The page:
I needed something fun and relatively quick to read last week. Fortunately, I had a copy of Paolo Bacigalupi's Zombie Baseball Beatdown that I picked up at Book Expo of America.

This is a middle grade book about baseball and the U. S. meat industry and racism and bullying and comic books and of course, the zombie apocalypse. It’s the first book I’ve read from Bacigalupi, and it’s rather different from his other work.

The bad news is that while the violence is rather cartoonish, it would still give
Ethan J
Oct 30, 2017 rated it really liked it
This book is very good due to its epic plot and mystery around the meatpacking plantation near the baseball fields. But the main characters Rabie, Miguel, and Joe are playing baseball on the fields right next to a meatpacking factory when suddenly a disturbing smell lashes out the meat packing factory and the cows are turned into zombies due to the toxic slop they ate that changes them. So the workers cut the cows up into patty's and feed them to the community. This is were the three main chara ...more
Cover is misleading. One thinks the book is going to be about fighting zombies for most of the book. But really there is one zombie fight scene in the beginning then another at the end. The rest is filler about animal food production, immigration issues and reinforcing stereotypes. I can get past that a cover that is misleading because a lot of covers have little to do with book content. But my main problem was the huge amount of racism and the underlying theme that all Hispanics are undocumente ...more
Jul 07, 2016 rated it liked it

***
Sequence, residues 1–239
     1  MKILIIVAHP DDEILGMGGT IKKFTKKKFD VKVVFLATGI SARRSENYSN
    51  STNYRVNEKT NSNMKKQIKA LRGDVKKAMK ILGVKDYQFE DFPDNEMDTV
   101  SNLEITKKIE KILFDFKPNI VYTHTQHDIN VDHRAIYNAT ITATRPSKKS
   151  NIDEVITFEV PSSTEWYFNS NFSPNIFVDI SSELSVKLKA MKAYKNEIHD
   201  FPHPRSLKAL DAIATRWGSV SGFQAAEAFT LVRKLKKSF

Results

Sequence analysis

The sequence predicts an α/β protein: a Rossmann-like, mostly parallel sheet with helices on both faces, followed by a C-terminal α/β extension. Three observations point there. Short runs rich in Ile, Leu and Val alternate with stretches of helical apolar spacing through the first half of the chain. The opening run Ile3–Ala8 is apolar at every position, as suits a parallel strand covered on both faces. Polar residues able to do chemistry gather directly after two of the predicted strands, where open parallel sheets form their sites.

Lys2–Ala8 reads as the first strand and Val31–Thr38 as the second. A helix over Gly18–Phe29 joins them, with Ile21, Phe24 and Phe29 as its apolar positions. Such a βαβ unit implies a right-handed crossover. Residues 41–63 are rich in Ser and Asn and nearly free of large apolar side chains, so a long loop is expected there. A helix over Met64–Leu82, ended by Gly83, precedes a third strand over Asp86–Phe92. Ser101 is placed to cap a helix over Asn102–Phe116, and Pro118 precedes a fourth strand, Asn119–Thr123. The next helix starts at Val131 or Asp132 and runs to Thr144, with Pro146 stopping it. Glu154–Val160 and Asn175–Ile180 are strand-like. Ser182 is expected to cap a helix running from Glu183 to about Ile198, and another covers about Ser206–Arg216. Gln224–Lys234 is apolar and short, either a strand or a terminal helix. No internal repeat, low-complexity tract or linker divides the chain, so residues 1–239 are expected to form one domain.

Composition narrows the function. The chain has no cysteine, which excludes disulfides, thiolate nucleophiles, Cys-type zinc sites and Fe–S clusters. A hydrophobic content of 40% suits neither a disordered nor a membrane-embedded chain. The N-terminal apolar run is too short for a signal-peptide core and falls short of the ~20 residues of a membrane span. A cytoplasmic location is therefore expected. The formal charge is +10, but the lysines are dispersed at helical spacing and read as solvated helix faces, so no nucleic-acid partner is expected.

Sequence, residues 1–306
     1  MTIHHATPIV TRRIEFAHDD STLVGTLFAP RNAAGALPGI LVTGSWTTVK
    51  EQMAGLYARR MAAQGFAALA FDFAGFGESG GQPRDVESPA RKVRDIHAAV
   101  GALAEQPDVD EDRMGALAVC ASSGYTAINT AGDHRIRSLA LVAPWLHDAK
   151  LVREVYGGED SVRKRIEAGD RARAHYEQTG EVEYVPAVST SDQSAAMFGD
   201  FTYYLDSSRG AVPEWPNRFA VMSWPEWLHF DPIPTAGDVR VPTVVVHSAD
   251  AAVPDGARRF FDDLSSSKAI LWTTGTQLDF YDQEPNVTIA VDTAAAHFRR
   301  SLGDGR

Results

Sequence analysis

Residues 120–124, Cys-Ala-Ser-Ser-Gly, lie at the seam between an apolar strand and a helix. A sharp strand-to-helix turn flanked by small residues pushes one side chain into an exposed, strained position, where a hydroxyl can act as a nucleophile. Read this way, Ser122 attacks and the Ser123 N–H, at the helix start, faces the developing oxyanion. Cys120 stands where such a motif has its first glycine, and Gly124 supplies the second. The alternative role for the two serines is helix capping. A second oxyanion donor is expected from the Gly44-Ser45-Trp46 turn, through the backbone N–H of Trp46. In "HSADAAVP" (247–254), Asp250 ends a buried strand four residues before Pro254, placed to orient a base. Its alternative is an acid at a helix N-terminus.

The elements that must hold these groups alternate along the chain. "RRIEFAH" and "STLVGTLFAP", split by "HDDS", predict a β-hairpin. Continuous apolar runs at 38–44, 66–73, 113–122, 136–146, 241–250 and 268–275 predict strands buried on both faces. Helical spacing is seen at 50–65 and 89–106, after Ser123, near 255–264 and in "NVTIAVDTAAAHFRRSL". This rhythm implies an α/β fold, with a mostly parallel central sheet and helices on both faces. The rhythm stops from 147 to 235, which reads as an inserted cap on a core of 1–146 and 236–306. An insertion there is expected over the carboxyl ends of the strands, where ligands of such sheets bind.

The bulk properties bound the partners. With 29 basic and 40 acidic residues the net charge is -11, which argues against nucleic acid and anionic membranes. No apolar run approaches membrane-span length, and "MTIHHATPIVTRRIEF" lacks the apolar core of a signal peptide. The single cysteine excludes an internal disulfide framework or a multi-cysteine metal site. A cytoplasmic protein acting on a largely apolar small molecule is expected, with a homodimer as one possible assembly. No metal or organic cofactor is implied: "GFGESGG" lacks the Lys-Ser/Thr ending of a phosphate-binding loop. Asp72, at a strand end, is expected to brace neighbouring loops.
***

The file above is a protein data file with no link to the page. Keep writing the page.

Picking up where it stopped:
If there's one thing I'm gathering from my reading this year, it's that Iowa is the fictional hub for some weird s*** goin' down in America. I think it's the corn.

I was curious to see whether a middle grade zombie book could actually be achieved, and Bacigalupi delivered. The zombie thing *does* take quite a bit longer than expected to really get going though, and in the meantime, Bacigalupi ties in food/animal ethics to make the whole scenario believable and meta. He also discusses white privil
Apr 16, 2013 rated it it was amazing
Who knew Paolo Bacigalupi could also do hilarious? I've loved everything he's written sofar, but I didn't know about the funny side. This book has the promised zombies, and a big fat ol' streak of satire, but it's also great fun. There's Rabindranath Chatterjee-Jones, our geeky hero, whose middle school misery is compounded by his mother turning up to his baseball games in a neon-yellow sari and yelling out his full name in support of his truly dire efforts at baseball. There's his best friends, ...more
Kevin Lanahan
Dec 20, 2013 rated it did not like it  ·  review of another edition
Shelves: young-adult, teen, zombies
This is the second young-adult zombie book my beloved wife has brought home for me. Where Eat Brains Love treated zombie-ism as an STD, this outbreak is caused by the beef processing industry. So, meat bad. Oh, and let's throw in immigration, bullying, corporate lawyers and clueless parents.